Money goes a long way until you get that one client who can send you spinning down and take your repeat business with them. 

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14 minutes ago, JFish350 said:

I don't disagree, my point being I think a coach would want someone to get better and who they can work with. Word of mouth advertising goes a long way and your book of good clients is better than just clients. 

Money goes a long way until you get that one client who can send you spinning down and take your repeat business with them.

 

... Of course as that is the goal but it just isn't always the case. Like a Dr asking his patient with liver disease to cut back on drinking and they don't, he/she isn't going to stop treating them. Obviously if a student is unhappy you would not want to continue lessons but I never ran across that in 5 years of teaching. 

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On 12/17/2021 at 9:30 PM, chisag said:

 

... One of the realities I had not anticipated was some students just aren't interested in putting in the work to get better. Taking it a step farther, some are resistant or refuse to change something that can be the main cause of their problem. It would be nice if all students tried their best and put in the practice or did their at home drills but the truth is they don't. Just keep in mind instructing is a business not a charity. And like any business the object is to make a living and taking money from a student you know isn't going to get better is part of the business. I do believe you should be honest and let the student know their progress will be limited or even stagnant if they don't put in the work or facilitate a change and what you may find surprising is some just don't care. I would compare it to some that insist on playing MB's even though they know a players CB or even a GI will improve their scores, but they love the look and feel and don't care about their score. Nothing wrong with that imo.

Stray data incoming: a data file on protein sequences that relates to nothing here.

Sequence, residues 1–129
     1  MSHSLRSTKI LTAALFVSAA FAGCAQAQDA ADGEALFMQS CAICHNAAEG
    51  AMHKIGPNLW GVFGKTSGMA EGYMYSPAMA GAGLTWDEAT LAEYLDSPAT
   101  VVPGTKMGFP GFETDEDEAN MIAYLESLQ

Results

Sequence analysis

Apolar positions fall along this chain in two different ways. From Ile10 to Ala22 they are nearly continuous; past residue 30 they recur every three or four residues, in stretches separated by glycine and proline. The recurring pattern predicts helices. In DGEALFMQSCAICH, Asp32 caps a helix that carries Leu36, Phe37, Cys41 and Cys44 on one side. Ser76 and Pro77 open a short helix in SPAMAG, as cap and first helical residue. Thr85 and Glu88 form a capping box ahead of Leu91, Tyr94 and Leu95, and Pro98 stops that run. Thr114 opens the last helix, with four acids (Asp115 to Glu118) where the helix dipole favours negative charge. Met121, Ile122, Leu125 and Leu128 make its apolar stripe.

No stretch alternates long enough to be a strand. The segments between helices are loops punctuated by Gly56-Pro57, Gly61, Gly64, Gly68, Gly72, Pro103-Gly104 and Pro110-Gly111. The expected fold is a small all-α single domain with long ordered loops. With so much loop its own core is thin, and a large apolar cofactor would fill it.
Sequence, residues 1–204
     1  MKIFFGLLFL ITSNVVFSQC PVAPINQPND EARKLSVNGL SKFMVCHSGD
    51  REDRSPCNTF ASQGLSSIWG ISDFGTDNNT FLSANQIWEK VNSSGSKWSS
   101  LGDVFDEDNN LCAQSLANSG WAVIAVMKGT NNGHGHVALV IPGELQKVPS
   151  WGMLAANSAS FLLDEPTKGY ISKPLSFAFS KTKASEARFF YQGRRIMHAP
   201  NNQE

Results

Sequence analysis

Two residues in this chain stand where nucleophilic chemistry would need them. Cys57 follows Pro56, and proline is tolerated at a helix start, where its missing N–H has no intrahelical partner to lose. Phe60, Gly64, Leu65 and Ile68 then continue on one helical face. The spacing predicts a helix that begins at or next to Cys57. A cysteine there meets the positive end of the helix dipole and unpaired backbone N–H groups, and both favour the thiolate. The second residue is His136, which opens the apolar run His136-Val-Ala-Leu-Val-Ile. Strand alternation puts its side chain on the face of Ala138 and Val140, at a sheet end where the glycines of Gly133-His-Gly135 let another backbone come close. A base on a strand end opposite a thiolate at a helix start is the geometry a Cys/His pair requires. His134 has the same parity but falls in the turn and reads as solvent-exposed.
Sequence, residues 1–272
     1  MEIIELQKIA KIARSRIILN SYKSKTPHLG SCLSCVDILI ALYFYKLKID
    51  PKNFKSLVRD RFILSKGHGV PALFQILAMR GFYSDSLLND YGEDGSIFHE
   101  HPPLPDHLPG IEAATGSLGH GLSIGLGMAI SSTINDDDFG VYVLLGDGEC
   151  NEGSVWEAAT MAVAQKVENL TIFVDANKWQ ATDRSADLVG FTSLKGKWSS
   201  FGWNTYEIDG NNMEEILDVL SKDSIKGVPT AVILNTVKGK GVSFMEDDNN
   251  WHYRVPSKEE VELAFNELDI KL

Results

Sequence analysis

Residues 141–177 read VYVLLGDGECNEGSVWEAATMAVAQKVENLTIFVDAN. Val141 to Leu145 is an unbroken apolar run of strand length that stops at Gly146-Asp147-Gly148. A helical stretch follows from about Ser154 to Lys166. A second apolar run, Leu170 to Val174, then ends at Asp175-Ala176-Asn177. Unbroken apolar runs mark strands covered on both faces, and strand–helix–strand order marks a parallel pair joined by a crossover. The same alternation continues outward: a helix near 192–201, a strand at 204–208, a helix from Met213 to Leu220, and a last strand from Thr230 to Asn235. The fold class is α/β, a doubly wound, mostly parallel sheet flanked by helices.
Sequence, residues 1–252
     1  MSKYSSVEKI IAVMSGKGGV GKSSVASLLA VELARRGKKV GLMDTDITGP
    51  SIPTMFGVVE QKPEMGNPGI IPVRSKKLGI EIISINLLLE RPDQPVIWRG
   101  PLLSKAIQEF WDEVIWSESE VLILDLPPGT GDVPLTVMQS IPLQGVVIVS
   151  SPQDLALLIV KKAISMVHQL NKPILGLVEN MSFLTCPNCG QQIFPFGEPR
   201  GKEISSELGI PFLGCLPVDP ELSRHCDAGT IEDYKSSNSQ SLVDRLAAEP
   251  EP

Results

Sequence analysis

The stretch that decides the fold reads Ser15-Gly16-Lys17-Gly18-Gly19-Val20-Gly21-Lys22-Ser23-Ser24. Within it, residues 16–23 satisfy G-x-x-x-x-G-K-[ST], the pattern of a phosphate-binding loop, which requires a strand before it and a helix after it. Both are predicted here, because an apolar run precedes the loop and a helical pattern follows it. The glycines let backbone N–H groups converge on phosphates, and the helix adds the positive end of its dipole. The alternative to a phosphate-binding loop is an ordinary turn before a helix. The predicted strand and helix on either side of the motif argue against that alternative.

... I had a guy in his late 50's that owned several car dealerships and always peeled off a hundred dollar bill to pay for his lesson but struggled with a hook and had a very strong grip. He refused to change his grip saying he tried it with other instructors and it didn't work, so he wanted me to cure his hook in other ways, and when I said that may cause more problems on top of still hooking the ball he replied "that's my problem". He was the first student that I realized could not be helped but he wanted lessons so I gave them to him. He stayed with me for a year, loved coming to his lessons and was only marginally better. I had another guy that lost a bet and had to take 5 lessons warning me upfront "I ain't gonna change a dam thing." 

...  The flip side is this can make an instructor really appreciate a student that listens, puts in the work and is willing to make changes. These students make teaching rewarding and instructors love them just as much as the student loves their instructor. 

I recently moved away from my instructor.  Honestly it felt like he had assessed me as a guy who had his own swing, wasn't open to change and was only going to do so much.  I don't know if that was true but that's how I felt I was being treated.

 

I went with an online guy - something that I swore I would never do but I figured I would give it a try.  I've been very happy although it's certainly taken time to fully click - the biggest issue that I had was grip - somehow my grip had gotten far too week - everything else that I did in my swing was compensating for that - I see draws in my mind so I had lots of funky stuff going on to hit draw with that weak grip.

 

Now that I've gotten used to the stronger grip - and that took a couple of months - things are starting to fall into place for me - of course that's led to an issue with hitting the ball left if I'm not careful but I'm okay with that, it's a miss that I used to always have.  I'm hitting a lot more solid shots and can tell that I'm on the way to more consistent ball striking.

 

That was my goal with these lessons.

 

So perhaps its important for a student to have a specific goal in mind?

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Taylor Made Stealth 10.5  Aldila Ascent Red R flex

Ping G410 5, 7, 9 wood  Alta 65 R flex

Wilson D7 forged 5-GW -  Mamiya recoil 460 R flex

Edison Wedges 54 and 59 KBS Tour Graphite 80's

EVNRoll ER 5

Titleist Pro VIx optic yellow with revkev stamped on them

Still on that elusive hunt for a 3 wood that I'm able to hit - I don't know why, I crush the 5 wood and it's really a 4 wood anyway.